Oil is Today’s Rhubarb

Sanctions always fail, as the Chinese found out long ago.

Officials from the U.S. and E.U. have been engaged in frenzied negotiations to agree on a “price cap” for Russian oil.  As readers will certainly be aware, sanctions deployed against Vladimir Putin following his invasion of Ukraine have failed to deter or affect his military activities to any significant degree.  Biden’s early braggadocio that the ruble would be reduced to “rubble” has been rebutted by the Russian currency’s persistent strength against the dollar – the highest in seven years – not least because sanctions have failed to dent Russia’s oil export earnings, not only sustaining the strength of its currency but helping to pay the bills for the Ukraine war.

Only economists could have dreamed this up.

Responding to the pipeline-sized hole in their economic blockade, U.S. sanctioneers schemed to cut Putin’s money-flow while simultaneously preserving a flow of Russian oil onto the world market by allowing the Russians to sell oil, but only at a small profit. The mechanism for achieving this goal would be the marine insurance market, dominated by brokers in London, whereby only oil tankers carrying oil at or under the “capped” price could get insurance.  Birthed inside the U.S. Treasury Department, the plan’s impracticality and evident ignorance of oil market realities are telling indications that it was conceived by economists.

Sooner the keys to their daughter’s bedroom…

Outsiders, which would seem to include those UST economists along with the media, seemingly assume that there is a set, publicly available, price for crude oil, like the number on your local gas pump.  Such is not the case. The “price” quoted in the papers does not reflect what buyers are actually paying They are the notional prices in the futures market a month from now, which in turn is set, so an oil industry veteran informs me, “by speculators reading the newspapers” and do not reflect what buyers actually fork over. For example, he cited how back in the early days of the covid-prompted lockdowns, oil was briefly “priced” at less than zero. “But no one actually bought oil at that amount.”  As my helpful informant explained, actual transactions are traditionally masked in secrecy.  Traders, as he pithily put it are “more likely give you the keys to their daughter’s bedroom than tell you their book.”

The  Russians have made it clear that they will not allow outsiders to regulate the price of their oil to their disadvantage, and would refuse to sell under any such regime, thereby potentially driving global prices skyward, thus hugely boosting Putin’s take from exports to the Indians (who promptly refine and sell it back to Europe) and the Chinese, neither of whom have any intention of observing U.S./EU price controls.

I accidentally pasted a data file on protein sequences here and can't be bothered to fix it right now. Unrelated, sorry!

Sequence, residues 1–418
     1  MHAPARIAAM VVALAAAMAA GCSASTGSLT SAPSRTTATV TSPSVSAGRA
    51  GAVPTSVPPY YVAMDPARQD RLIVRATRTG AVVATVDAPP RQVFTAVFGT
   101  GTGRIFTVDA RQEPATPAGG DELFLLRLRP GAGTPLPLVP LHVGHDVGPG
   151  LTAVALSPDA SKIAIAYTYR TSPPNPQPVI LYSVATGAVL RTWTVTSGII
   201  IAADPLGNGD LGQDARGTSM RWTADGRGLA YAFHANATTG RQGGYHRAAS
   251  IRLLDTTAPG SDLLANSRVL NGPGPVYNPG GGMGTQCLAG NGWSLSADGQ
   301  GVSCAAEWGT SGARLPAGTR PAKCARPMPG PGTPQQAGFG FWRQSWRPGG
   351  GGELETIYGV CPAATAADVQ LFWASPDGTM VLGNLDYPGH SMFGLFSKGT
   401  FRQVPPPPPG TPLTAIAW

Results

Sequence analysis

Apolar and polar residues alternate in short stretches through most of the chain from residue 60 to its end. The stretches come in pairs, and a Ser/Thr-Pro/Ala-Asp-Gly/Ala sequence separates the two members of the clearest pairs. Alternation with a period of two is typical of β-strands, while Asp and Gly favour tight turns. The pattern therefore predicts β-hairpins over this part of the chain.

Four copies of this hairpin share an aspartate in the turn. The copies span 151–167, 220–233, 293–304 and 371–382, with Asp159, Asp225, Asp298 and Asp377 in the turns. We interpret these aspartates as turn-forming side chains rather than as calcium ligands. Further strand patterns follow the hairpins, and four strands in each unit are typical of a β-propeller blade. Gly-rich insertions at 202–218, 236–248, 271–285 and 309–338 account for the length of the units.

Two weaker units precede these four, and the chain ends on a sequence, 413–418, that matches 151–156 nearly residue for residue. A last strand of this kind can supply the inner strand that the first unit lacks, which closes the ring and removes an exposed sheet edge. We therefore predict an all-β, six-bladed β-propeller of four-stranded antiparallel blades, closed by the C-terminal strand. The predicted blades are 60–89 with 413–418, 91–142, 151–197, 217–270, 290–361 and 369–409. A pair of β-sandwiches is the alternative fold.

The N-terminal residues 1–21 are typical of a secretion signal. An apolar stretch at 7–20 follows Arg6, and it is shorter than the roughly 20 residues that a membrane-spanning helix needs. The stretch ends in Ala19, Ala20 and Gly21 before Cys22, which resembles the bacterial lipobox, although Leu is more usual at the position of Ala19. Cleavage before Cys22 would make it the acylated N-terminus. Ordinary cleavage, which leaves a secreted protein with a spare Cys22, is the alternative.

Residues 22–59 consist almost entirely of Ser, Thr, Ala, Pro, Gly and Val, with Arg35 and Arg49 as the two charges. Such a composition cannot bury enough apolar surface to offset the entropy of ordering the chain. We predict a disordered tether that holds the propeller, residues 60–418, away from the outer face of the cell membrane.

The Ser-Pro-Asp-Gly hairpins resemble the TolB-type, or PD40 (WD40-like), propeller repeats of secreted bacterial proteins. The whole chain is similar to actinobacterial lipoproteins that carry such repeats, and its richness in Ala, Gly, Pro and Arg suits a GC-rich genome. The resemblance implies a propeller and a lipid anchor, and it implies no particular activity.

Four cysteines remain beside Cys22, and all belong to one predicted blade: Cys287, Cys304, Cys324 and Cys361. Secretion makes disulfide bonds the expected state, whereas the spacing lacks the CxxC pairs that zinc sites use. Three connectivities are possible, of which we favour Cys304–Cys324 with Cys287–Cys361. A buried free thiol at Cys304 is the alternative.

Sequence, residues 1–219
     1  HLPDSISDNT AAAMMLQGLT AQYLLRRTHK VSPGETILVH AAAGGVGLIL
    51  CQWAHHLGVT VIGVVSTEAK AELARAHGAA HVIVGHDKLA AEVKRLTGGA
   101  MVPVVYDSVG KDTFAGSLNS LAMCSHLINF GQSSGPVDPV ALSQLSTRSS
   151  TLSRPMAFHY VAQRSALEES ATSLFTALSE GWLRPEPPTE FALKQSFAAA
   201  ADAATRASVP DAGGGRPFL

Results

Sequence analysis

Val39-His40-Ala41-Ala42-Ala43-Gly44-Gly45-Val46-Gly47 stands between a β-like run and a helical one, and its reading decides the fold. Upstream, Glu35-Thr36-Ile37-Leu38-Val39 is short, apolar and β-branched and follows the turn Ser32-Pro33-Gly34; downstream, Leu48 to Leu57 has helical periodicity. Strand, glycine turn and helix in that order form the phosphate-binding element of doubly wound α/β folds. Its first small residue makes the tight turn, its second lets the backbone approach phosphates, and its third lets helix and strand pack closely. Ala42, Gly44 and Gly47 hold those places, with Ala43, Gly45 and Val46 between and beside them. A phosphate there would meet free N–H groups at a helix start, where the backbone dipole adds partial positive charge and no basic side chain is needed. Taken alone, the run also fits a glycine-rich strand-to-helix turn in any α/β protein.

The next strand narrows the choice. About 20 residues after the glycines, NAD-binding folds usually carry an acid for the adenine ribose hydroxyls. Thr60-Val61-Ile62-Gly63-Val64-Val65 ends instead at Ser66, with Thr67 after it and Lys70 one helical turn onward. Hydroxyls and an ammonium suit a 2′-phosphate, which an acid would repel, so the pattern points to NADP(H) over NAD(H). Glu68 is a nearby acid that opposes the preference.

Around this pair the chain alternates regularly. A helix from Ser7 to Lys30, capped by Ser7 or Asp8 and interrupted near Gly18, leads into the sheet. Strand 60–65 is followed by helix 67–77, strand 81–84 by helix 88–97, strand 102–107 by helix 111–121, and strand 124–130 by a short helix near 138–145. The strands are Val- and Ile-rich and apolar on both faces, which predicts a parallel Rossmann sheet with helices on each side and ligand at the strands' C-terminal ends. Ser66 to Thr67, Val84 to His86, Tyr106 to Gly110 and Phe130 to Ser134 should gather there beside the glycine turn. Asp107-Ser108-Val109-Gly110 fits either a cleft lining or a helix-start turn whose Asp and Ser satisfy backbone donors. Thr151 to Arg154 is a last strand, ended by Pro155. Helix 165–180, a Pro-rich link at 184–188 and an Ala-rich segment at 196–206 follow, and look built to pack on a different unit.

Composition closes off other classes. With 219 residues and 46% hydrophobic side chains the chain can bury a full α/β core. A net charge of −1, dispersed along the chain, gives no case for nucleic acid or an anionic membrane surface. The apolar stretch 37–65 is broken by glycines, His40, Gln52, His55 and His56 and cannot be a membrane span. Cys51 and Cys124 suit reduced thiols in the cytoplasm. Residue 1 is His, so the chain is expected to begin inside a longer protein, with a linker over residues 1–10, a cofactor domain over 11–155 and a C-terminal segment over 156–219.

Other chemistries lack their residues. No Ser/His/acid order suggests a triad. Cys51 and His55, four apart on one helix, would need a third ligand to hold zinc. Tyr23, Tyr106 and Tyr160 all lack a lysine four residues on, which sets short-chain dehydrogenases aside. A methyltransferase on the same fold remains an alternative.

Solution: Set the cap too high to matter

Therefore, to ward off unpleasant inflationary outcomes, western negotiators came up with a brilliant solution: impose a cap that looked good in a headline but that didn’t actually affect the Russians, thereby satisfying honor all round. The “cap” has now been at $60 a barrel. But oil industry sources indicate that “Urals crude” headed for western markets is currently being sold at around $55 a barrel, below the level of the proposed limit. Meanwhile oil from Russian fields headed east to Indian or Chinese buyers is going for around $75 in volumes that are sure to increase when Xi Jinping abandons his failing covid lockdowns and the Chinese economy takes off again. The absurdity of the cap arrangement as agreed reached last week is shown by the fact that it also includes a provision that the ceiling be regularly reviewed to ensure it is “at least 5 per cent” below average  market prices for Russian oil “ which, my oil industry friend observes “means it will be below the average of both East and West bound shipped oil, i.e. above the current price of West bound oil!”

“So long as there is Rhubarb, there can be no enemies under the heavens.”

So much for the latest effort to use sanctions. A glance at the actual record of this instrument could have foretold the result and saved everyone a lot of trouble.  The Chinese got the lesson long ago. Embroiled in a late 18th century dispute with Tzarist Russia, the Qing emperor was informed by experts that China’s global monopoly of rhubarb gave him a sure-fire weapon, since westerners absolutely depended on it to relieve chronic constipation.  Accordingly, he imposed an embargo on exports to Russia. An efficient  sanctions bureaucracy took steps to choke off attempts at evasion viz Japan and the Ryukyu islands. Since the original dispute was over largely empty and relatively unimportant territories in the far east, the Russians ultimately acceded to the Chinese demands. Buoyed with misplaced confidence, the Chinese relied on it to ward off the ravaging (but constipated) British fifty years later in the first of the opium wars.

As a Chinese historian of the episode summarized the consequences, disastrous for the Middle Kingdom: “…the  semblance of victory …greatly increased China’s sense of self-importance, and created the myth that ‘so long as there is rhubarb, there can be no enemies under the heavens’, which was to endure for several decades…Up until the time of the Opium Wars the country was pervaded by a sense of optimism, and only the outbreak of hostilities finally brought some realization of what was actually afoot.”

How long will it take for reality to dawn on today’s sanctioneers?